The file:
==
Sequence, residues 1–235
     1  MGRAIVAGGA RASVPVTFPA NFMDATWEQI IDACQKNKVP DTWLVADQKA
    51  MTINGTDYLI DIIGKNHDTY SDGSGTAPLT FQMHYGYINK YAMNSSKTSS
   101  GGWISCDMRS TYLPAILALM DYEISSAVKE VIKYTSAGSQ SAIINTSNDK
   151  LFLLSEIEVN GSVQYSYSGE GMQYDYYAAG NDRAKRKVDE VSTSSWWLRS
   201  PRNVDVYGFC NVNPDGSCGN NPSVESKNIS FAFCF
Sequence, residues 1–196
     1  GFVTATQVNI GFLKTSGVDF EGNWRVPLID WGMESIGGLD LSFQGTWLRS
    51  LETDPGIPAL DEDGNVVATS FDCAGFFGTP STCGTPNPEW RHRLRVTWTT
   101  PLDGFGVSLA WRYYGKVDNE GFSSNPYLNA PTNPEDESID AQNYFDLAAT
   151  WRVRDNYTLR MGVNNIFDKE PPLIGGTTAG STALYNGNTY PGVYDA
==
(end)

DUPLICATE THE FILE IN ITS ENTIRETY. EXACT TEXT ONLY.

Sequence, residues 1–235
     1  MGRAIVAGGA RASVPVTFPA NFMDATWEQI IDACQKNKVP DTWLVADQKA
    51  MTINGTDYLI DIIGKNHDTY SDGSGTAPLT FQMHYGYINK YAMNSSKTSS
   101  GGWISCDMRS TYLPAILALM DYEISSAVKE VIKYTSAGSQ SAIINTSNDK
   151  LFLLSEIEVN GSVQYSYSGE GMQYDYYAAG NDRAKRKVDE VSTSSWWLRS
   201  PRNVDVYGFC NVNPDGSCGN NPSVESKNIS FAFCF
Sequence, residues 1–196
     1  GFVTATQVNI GFLKTSGVDF EGNWRVPLID WGMESIGGLD LSFQGTWLRS
    51  LETDPGIPAL DEDGNVVATS FDCAGFFGTP STCGTPNPEW RHRLRVTWTT
   101  PLDGFGVSLA WRYYGKVDNE GFSSNPYLNA PTNPEDESID AQNYFDLAAT
   151  WRVRDNYTLR MGVNNIFDKE PPLIGGTTAG STALYNGNTY PGVYDA